“Please leave me alone,” one former Colt model wrote in response to my request for an interview. “I really wish that whole part of my life would just go away.”

When so many men refused with such vehemence to share their stories, I assumed there was some lurid exploitation scandal to cover up. But the models I’ve spoken with had only kind things to say about Jim French and the environment on the Colt set.

“Jim was always a very decent, very kind man,” said Kip de Borhegyi, who modeled for French under the name “Jason Brahm” in the early nineties. “But it was my own personal legacy I had to think about. I just couldn’t do anything that I thought I might regret ten years later.”

De Borhegyi went on to say that, while he always consid- ered French an artist and not a pornographer, the accessibility of Colt images over the Internet became confusing after he’d decided to move on with his life.

“Even when I began working for Jim, people were still ordering Colt in the mail. It was part of why I was comfortable working with him. He was very adamant about the release of his photos. We had no way of knowing how the Internet would change all that. My pictures pop up everywhere now. It’s impos- sible to police. And, needless to say, very strange.”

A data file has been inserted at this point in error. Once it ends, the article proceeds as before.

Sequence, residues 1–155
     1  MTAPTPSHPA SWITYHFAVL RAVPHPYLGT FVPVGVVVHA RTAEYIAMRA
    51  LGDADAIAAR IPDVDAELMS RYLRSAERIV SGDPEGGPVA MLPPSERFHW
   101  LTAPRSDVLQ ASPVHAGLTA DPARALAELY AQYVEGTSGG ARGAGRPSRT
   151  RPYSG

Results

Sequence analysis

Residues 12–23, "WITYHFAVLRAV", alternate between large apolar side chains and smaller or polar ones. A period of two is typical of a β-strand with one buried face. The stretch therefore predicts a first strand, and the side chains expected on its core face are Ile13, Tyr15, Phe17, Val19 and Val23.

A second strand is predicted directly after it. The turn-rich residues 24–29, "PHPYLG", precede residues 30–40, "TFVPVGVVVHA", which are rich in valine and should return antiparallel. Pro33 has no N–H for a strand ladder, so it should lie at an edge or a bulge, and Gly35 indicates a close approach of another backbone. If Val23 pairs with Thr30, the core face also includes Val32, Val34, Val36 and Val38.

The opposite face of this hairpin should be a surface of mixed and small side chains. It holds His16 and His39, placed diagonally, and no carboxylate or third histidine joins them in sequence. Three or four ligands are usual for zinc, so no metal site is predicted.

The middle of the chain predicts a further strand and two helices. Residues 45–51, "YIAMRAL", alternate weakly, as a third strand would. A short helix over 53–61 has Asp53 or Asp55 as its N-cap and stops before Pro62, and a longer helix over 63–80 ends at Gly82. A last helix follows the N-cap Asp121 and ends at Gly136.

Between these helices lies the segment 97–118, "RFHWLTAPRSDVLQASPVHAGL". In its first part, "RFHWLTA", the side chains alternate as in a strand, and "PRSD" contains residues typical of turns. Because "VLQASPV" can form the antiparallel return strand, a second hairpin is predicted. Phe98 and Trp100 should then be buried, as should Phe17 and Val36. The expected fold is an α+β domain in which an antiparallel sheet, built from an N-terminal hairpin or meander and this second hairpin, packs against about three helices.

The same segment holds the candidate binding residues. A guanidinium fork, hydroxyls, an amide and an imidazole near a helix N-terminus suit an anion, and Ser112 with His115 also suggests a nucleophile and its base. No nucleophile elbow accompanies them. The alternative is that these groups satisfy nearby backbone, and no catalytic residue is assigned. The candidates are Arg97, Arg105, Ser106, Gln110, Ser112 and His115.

After thanking Kip profusely for his time, I decided to ask: “Do you ever regret it?”

“No,” he answered with a sigh. “I really don’t.”

He went silent for a second.

“Well, okay,” he said. “There’s this one photo of my butt that always seems to come up that I don’t think I ever really need to see again. But for the most part, I really don’t regret any of it. I think the photos are beautiful. And at that time, in terms of my body, I could compete with the best of them. I think it’s amazing and kind of sad that some of these guys who used to model for Colt are trying to hide from it now. These men were beautiful. I keep saying it, but Jim’s photos are works of art. I really believe that. I don’t think we have any reason to be ashamed.”

I asked Schulte what he thinks when he looks at the photos now. He answered with another sigh.

“I don’t want to be labeled as a ‘Colt model.’ This is a part of why I stopped doing it. I’m not merely—anything. I wasn’t merely the mayor of West Hollywood. I wasn’t merely the director of the Gay and Lesbian Center. And I wasn’t merely a model for Jim French. We’re all lots of things. We’re more complicated than a single part of our lives. No one wants to be labeled for just one of them.”

Schulte goes silent for a second. And for that second, I feel embarrassed for even asking, even tracking this man down and attempting to compare notes with a fantasy I’ll never fully understand.

“But here’s the thing,” Schulte said. “I don’t really look at the pictures very often. Every once in a while, I come across them or someone asks me to sign one. I guess a part of me is kind of shocked at my hubris, but—I think they’re good pictures. And yeah, I’m glad I did it.”